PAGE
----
12 posts tagged "Debbie Harry"
At the Telegraph, Hilary Alexander scores a preview of the forthcoming catalog for the Costume Institute’s Alexander McQueen: Savage Beauty, which will include images by Sølve Sundsbø (left), and an interview with the house’s current creative director, Sarah Burton, by Style.com’s Tim Blanks. [Telegraph via Racked]
London’s Fashion Fringe competition has added two new judges to its roster: Joining Selfridges’ Anne Pitcher, London College of Fashion’s Roy Peach, and Metro‘s Bel Jacobs will be Roland Mouret and Claudia Schiffer. (Last year’s honorary chairman, John Galliano, was originally intended to serve for two years, but will not participate.) The program awards a package of cash, business advice, studio space, and mentorship worth an estimated £100,000; applications are open now, and those shortlisted for the prize will show their collections at London fashion week. [WWD]
Following last night’s wake for late club impresario Don Hill, a few well-placed friends, collaborators, and admirers—including Leigh Lezark, Paul Sevigny, Nur Khan, and Debbie Harry—share their memories of the man and the club. [T]
And tonight, rocker-approved menswear label By Robert James opens up its first-ever pop-up shop, in Tribeca’s John Allan’s grooming club. Which leads us to wonder: Will BRJ’s typically scruffy clientele emerge from the new shop fresh-faced and clean-shaven? [By Robert James]
Lydia Lunch: “T-shirts have become the daily uniform of every slob too lazy to button up a shirt front.” So the post-punk chanteuse prefaces Ripped ($30, Rizzoli), a new coffee-table (or tour van?) collection of rock tees cool enough to convince you to join the slob brigade and renounce buttons forever. Vintage dealer Cesar Padilla—chasing, he explains, a great, lost collection of band shirts thrown out by his mother—has gathered the best of the best for the new book, borrowing from the collections of Betsey Johnson, Thurston Moore, the Magnetic Fields’ Stephin Merritt, and more. Banal but true: They don’t make ‘em like they used to. Shirts celebrating Television (above), the Kinks, Grace Jones, Debbie Harry are enough to send you straight to eBay (most often, probably without much success). For insider tips, Padilla will be on hand later this month to celebrate the book at Acne’s Greene Street shop. Good luck getting the shirt off his back.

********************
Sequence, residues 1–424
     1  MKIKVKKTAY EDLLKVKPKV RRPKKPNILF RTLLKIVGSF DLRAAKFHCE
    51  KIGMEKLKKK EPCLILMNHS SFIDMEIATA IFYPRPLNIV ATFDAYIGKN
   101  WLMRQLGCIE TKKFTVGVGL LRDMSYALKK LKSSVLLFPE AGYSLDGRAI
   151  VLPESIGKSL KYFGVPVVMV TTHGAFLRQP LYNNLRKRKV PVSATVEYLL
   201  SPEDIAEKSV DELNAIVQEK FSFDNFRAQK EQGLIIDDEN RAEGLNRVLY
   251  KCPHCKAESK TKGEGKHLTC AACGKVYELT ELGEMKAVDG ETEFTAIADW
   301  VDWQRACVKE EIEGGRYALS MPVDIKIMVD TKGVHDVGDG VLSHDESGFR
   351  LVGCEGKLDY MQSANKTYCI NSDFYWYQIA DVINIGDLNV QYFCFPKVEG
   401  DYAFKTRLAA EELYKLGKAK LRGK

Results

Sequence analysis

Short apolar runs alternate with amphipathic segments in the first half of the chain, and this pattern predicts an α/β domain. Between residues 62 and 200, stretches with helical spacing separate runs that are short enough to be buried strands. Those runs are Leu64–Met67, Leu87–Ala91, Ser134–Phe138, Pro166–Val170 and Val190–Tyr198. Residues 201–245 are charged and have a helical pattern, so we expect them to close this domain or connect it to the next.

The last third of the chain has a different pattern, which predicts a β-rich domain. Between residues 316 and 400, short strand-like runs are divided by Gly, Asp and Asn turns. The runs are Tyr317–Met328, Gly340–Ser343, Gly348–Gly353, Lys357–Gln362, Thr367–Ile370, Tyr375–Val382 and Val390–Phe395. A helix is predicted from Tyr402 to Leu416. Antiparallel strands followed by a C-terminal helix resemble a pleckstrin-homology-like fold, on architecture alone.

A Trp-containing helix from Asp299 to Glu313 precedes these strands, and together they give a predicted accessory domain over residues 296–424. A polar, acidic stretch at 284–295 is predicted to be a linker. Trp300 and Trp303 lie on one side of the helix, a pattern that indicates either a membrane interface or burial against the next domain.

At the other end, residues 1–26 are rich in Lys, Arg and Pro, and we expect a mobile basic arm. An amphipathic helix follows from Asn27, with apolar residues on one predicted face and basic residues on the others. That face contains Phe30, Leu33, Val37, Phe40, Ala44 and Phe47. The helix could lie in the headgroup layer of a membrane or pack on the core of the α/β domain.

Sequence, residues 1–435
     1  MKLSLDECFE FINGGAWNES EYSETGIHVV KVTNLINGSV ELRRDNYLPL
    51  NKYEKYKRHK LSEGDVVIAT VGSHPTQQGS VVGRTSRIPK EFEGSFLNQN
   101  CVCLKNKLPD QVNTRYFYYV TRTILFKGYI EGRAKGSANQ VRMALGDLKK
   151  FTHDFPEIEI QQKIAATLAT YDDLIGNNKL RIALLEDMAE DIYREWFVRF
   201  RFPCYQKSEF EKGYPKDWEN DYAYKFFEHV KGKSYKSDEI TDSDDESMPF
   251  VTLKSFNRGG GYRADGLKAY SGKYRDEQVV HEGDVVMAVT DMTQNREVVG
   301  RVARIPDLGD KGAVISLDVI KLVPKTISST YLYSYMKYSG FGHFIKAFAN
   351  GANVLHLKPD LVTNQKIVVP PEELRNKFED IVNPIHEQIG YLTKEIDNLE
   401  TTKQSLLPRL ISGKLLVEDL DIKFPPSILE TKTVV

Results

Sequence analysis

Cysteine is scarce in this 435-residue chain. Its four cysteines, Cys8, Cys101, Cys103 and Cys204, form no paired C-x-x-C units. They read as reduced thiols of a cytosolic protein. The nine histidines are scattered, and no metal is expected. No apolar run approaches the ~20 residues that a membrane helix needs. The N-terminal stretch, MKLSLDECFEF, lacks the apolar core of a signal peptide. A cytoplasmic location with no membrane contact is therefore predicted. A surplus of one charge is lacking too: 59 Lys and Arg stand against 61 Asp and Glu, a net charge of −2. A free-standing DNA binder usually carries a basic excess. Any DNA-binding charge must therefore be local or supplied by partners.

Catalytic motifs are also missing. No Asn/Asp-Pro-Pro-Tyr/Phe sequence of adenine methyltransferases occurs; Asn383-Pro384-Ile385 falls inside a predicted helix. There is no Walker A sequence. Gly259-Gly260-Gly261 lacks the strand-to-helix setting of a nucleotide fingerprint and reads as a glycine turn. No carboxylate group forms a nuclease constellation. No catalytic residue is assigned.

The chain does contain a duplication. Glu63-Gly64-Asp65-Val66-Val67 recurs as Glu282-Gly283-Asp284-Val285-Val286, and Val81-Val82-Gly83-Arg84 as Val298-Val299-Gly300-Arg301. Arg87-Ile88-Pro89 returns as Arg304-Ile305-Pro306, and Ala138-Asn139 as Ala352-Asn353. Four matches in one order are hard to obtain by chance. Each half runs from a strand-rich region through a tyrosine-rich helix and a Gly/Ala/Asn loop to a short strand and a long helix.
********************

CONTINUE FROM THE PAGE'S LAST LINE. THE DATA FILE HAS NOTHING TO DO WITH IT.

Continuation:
Destroy/Rankin is not your usual photo retrospective. The book, which comes out stateside next week, does feature a collection of portraits shot by photographer, filmmaker, and Dazed & Confused co-founder Rankin over the course of his career; so far, so typical. Not so typical? The fact that Rankin handed those portraits back to his subjects, to do with as they pleased. Seventy musicians, including Debbie Harry (pictured), Jarvis Cocker, Kylie Minogue, U2, and Beck, took Rankin up on the offer to tear up, deface, paint over, and otherwise mess with his snaps. (Damien Hirst also did yeoman’s work filling in for late Clash front man Joe Strummer as destroyer.) The mash-up artworks were auctioned off at Phillips de Pury in London in November, with proceeds going to U.K. charity Youth Music, and profits from the Destroy/Rankin book are going the organization’s way, as well. Here, Rankin talks to Style.com about his appetite for destruction.
How did you come up with the idea to let artists you’ve shot over the years have at your work?
I was looking over a lot of my old work, and it occurred to me that there wasn’t much interaction between me and the people I’d shot after those shoots were over. Which was a sort of disappointing realization, honestly. I wanted to create more of a space for collaboration. And I thought it would be an unusual interaction to have the artists I’d shot over the years go back and look at these images of themselves and destroy them in some way. I liked the word destroy. Creative destruction. It seemed like a good, punk idea, to invite a bit of chaos.